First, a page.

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This new edition of the Oxford Handbook for the Foundation Programme provides everything you need to excel in your first two years as a doctor.
Building on the success of the previous editions, and the valuable feedback from junior and senior doctors, the third edition has been extensively revised and updated.
The handbook is now in full colour, which has been used to make the facts stand out and to simplify navigation to the right page. The sections on prescribing and drug doses, emergencies, and clinical medicine have been expanded and reordered. This includes the addition of a 'pharmacopeia' with key information for commonly-prescribed drugs including dose, contraindications, and key side-effects.
Along with the latest in clinical practice, the handbook includes the parts of the job rarely covered at medical school such as day-to-day life on the wards, referrals, clerking patients, procedures, and hospital paperwork, as well as providing advice on ethics, communication, and what to do when things go wrong.
The handbook has practical tips on the current career system, Foundation Programme requirements, MMC, completing your portfolio, interviews, application forms, and how to get published. With practical advice from the authors' personal experience, and key evidence-based clinical information.
This handbook is the ultimate quick-reference survival guide to the Foundation Programme and is indispensible for all junior doctors.
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Highly commended in the Medicine Category of the BMA Book Awards 2009About the Author:
Stephan Sanders qualified from Nottingham Medical School in 2003 and trained as a paediatrician. He recently moved to work as a postdoctoral researcher at Yale University and hopes to train as a clinical geneticist. He also works as an expedition doctor and took part in the Serious Andes and Serious Ocean expeditions with Children's BBC.
He first became interested in medical writing whilst at university and wrote the Crash Course Endocrine and Reproductive System. During his house officer year he was surprised by how little teaching was offered on the practical side of being a doctor; he wrote the Oxford Handbook of the Foundation Programme with this in mind, hoping to make life a bit easier for newly qualified doctors and their patients. After graduating from Sussex in Biochemistry with Neurobiology, James found that research was not his bag and embarked upon a medical degree in Leicester. It was during his undergraduate medical training that James became involved with publishing after contacting a publisher after being frustrated at the number of mistakes in one of his physiology books. During his final year he was asked to write his first book on undergraduate pharmacology. Having been exposed to many teachers and numerous textbooks, both good and bad, James appreciates that learning can be difficult and frustrating, and endeavours to simplify education at any opportunity. James had a broad post-graduate education and initially trained towards a career in Emergency Medicine, though after passing these membership examinations decided he wanted to be an anaesthetist. James is now happily based in theatres, being an active participant and critic in that field. Simon Eccles is a Consultant in Emergency Medicine at the Homerton Hospital in Hackney, North East London. He was appointed as Clinical Director for NHS Connecting for Health in July 2007, having started as the joint National Clinical Lead for Hospital Doctors at the end of 2004.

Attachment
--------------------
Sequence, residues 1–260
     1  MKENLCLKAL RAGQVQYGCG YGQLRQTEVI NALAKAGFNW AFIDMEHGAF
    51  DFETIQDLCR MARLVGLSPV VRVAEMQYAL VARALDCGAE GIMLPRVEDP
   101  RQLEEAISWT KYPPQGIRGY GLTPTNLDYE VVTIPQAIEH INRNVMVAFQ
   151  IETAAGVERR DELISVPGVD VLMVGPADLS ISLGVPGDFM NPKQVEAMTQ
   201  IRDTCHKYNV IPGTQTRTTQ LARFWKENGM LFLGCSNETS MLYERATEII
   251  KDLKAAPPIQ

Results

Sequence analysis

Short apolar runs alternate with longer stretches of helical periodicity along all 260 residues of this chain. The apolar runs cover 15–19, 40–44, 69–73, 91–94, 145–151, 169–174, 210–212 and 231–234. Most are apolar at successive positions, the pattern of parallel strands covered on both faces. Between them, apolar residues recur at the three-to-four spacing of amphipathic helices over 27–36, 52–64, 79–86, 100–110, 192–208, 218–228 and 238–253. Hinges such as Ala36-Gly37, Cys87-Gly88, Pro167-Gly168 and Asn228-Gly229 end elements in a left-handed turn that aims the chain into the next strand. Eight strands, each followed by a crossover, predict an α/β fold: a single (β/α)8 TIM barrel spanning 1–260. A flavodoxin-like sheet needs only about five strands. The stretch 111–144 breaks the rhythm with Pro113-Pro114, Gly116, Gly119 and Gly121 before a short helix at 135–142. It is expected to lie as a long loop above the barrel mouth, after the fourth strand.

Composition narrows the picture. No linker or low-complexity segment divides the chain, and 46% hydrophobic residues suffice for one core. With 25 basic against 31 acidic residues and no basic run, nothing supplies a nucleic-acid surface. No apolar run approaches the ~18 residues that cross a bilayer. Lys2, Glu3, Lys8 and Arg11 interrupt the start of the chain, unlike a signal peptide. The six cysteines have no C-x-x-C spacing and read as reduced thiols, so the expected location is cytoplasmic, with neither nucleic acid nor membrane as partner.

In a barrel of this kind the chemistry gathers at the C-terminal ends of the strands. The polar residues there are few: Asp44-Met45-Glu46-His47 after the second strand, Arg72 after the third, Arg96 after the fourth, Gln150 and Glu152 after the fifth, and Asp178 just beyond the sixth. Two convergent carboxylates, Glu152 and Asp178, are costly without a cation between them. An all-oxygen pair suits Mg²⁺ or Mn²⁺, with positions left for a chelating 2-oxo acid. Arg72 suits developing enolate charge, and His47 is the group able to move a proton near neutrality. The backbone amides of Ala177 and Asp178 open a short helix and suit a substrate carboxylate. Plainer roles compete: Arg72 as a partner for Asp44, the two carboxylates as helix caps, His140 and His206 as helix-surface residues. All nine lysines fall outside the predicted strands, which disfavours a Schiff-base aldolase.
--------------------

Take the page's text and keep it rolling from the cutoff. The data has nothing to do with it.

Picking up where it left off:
He is a past-Chairman of the Junior Doctors Committee of the BMA. In October 2004, he took a year out of clinical work to allow him to work on the 'Hospital at Night' project as the medical advisor to the Department of Health. He continues to work as a medical advisor to NHS National Workforce Projects. Nathalie qualified from the University of Manchester in 2006 and entered the Foundation Programme in only its second established year. Her first two years as a doctor are being spent training at Macclesfield District General Hospital before she plans to embark on a career in general practice with a special interest in palliative care.
The Oxford Handbook for the Foundation Programme is Nathalie's first experience with medical writing. She was very keen to get involved as she managed to pass her finals largely thanks to the Oxford Handbook series and is still frequently one of those doctors who stands there thinking 'What on earth do I do now?'.
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Book Description Oxford University Press, USA, 2011. Paperback. Condition: New. 3. Seller Inventory # DADAX019960648X
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